I’m a black woman of a certain age, a divorced mom of two teenagers who has no choice but to focus daily on the challenges of keeping a home, my family and myself on track. I’m college-educated, work in media communications, am precariously middle-class — and I am tired of what I witness of today’s feminism.
I’d hoped that the Women’s March might help me update my perception of feminism, at least as it is commonly portrayed and disseminated of late.
I’d followed the back and forth in the alternative and mainstream press during its hurried, urgent formation, and chalked up reports about internal squabbles over the race and class makeup of the group’s leadership to the same kind of growing pains that beset every activist group that I’ve ever followed or covered during my years in newsrooms. But now, a month after the Women’s March masterfully pulled off a massive protest in D.C. that also inspired similar ones in major American and global cities, my nascent investigation of the March 8 ‘general strike’ and 'day without women’ raised only more concerns, and a few questions, all located in what I see as a big void in today’s marketing-driven expression of 'feminism.’
At this moment, whether expressed by the second-wave, Gloria Steinem wing, or the third-wave corporatist Sheryl Sandberg arm, or the rowdy, genitalia-obsessed Lena Dunham arm, it seems that 'feminism’ in 2017 is more concerned with promoting superficial trappings of genuine equality than with doing the tough work required to address the hard, cold facts of gender and racial inequality.
The messages that landed in my inbox, Twitter mentions and even my newsroom mailbox became more vitriolic as November approached. Increasingly, it wasn’t what I wrote that angered these readers; it was that I wrote it while being me. It felt like they read my byline, saw my photo, barely skimmed what I wrote, and decided I was incompetent because I’m a 28-year-old Asian woman.
An email calling me the c-word was the first thing I read when I woke up one morning. One night after dinner, my phone buzzed with a Twitter mention from someone wishing I were sent to an internment camp (I’m not Japanese). Many emails began with, “Ni hao” (I’m not Chinese). I even learned a new slur word that I had to look up in the Urban Dictionary — but will refrain from sharing here.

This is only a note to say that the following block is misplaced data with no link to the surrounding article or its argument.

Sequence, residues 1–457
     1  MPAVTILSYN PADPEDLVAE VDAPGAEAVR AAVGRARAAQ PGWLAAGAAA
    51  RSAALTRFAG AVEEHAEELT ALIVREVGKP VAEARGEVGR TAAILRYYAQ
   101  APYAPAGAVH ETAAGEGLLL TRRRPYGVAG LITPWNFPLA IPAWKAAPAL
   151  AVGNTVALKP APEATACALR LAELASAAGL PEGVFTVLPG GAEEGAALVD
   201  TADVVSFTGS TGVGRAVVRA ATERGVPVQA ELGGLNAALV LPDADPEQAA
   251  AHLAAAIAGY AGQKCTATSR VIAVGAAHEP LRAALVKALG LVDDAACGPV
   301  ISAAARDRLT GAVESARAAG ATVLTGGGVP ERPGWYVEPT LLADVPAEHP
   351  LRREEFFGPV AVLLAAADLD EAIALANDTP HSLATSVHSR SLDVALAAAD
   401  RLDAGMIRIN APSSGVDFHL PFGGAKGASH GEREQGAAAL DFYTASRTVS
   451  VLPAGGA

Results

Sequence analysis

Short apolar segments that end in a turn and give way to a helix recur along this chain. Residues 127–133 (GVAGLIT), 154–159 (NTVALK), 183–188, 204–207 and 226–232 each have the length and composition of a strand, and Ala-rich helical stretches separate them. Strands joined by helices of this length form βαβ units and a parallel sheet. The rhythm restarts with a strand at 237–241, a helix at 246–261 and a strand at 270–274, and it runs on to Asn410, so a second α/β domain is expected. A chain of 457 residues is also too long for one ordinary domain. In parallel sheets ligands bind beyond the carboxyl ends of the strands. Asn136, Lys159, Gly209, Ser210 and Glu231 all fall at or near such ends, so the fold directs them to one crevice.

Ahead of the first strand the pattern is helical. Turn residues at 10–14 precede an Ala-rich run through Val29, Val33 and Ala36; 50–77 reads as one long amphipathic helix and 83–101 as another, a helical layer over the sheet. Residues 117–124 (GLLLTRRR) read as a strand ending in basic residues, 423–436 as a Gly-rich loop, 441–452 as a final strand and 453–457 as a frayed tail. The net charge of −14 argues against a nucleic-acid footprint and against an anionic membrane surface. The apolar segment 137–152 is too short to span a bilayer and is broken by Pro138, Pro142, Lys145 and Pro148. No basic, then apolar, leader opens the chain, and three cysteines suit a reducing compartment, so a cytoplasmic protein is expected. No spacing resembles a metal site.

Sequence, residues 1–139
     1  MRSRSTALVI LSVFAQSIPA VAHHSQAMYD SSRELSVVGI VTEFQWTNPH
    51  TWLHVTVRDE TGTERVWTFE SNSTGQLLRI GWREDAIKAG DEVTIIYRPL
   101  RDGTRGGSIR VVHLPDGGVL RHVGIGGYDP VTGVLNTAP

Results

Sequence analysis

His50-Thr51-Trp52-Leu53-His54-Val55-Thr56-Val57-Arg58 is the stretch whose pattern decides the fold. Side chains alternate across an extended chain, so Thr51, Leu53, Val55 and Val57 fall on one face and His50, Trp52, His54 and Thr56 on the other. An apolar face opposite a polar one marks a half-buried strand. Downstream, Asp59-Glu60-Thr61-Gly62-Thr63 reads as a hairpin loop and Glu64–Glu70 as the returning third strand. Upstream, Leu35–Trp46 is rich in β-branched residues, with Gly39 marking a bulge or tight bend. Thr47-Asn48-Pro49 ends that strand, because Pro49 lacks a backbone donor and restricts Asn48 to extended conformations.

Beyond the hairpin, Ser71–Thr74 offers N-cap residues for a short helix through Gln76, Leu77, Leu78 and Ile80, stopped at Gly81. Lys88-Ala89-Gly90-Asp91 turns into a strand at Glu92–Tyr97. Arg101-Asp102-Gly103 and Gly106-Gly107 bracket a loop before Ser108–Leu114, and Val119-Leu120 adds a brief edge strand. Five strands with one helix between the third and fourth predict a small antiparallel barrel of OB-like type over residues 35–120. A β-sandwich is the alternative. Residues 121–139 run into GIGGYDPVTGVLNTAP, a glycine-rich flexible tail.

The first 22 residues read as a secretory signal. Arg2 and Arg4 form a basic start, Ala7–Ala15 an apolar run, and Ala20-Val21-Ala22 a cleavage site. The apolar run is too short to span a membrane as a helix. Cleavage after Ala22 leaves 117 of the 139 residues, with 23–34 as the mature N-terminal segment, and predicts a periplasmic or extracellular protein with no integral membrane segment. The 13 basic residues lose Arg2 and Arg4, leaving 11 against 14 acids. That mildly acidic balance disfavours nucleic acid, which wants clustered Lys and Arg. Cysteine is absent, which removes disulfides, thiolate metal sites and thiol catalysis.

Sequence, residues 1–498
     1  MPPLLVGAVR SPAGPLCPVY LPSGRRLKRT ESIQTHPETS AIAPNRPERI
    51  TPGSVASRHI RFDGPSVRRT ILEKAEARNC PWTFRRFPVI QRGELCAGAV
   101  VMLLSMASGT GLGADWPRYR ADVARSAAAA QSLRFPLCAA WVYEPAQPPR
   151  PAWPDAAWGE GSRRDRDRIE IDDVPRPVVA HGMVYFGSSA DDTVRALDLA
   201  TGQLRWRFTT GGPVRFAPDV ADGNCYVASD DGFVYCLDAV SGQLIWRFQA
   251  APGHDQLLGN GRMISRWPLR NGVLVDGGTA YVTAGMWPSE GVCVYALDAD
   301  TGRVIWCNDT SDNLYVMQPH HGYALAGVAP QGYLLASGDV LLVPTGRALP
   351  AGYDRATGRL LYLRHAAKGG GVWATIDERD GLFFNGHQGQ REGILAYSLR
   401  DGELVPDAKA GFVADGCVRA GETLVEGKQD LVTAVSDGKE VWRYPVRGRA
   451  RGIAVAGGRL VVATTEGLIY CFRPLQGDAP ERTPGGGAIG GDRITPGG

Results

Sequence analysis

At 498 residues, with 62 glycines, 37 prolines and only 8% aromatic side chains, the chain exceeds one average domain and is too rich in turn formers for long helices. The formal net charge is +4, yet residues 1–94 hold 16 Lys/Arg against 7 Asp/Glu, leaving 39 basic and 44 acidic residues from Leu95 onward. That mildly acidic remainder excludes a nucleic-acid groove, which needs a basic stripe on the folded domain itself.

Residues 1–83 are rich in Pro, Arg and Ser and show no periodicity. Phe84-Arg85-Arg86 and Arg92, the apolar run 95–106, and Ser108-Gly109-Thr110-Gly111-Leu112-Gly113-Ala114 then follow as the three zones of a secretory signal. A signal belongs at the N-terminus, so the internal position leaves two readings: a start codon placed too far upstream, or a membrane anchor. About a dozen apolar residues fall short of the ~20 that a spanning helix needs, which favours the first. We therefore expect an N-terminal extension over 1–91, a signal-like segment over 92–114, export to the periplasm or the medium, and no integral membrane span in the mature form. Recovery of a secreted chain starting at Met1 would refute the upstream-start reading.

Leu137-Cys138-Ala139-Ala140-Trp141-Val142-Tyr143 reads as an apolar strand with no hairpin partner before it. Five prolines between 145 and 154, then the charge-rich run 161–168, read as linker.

“Who knew that ‘happy endings’ at the local DC Chinese owned massage parlor could earn you a press pass and journalistic credential? … Perhaps you are better suited for rolling egg rolls and making wonton soup. Get off your knees and go back to the kitchen.”
At first, I didn’t respond to any of them. But when I started getting so many so often, I couldn’t ignore them anymore. So I started asking questions.
We stood up for what was right.
We fought for moral reasons.
We passed laws, struck down laws for moral reasons.
We waged wars on poverty, not poor people.
We cared about our neighbors.
We put our money where our mouths were and we never beat our chest.
We built great big things, made ungodly technological advances, explored the universe, cured diseases, and we cultivated the world’s greatest artists and the world’s greatest economy.
We reached for the stars, acted like men.
We aspired to intelligence.
We didn’t belittle it.
It didn’t make us feel inferior.
We didn’t identify ourselves by who we voted for in the last election and we didn’t– we didn’t scare so easy.
Ahem, we were able to be all these things and do all these things because we were informed.
By great men, men who were revered.
The first step in solving any problem is recognizing there is one.
America is not the greatest country in the world anymore.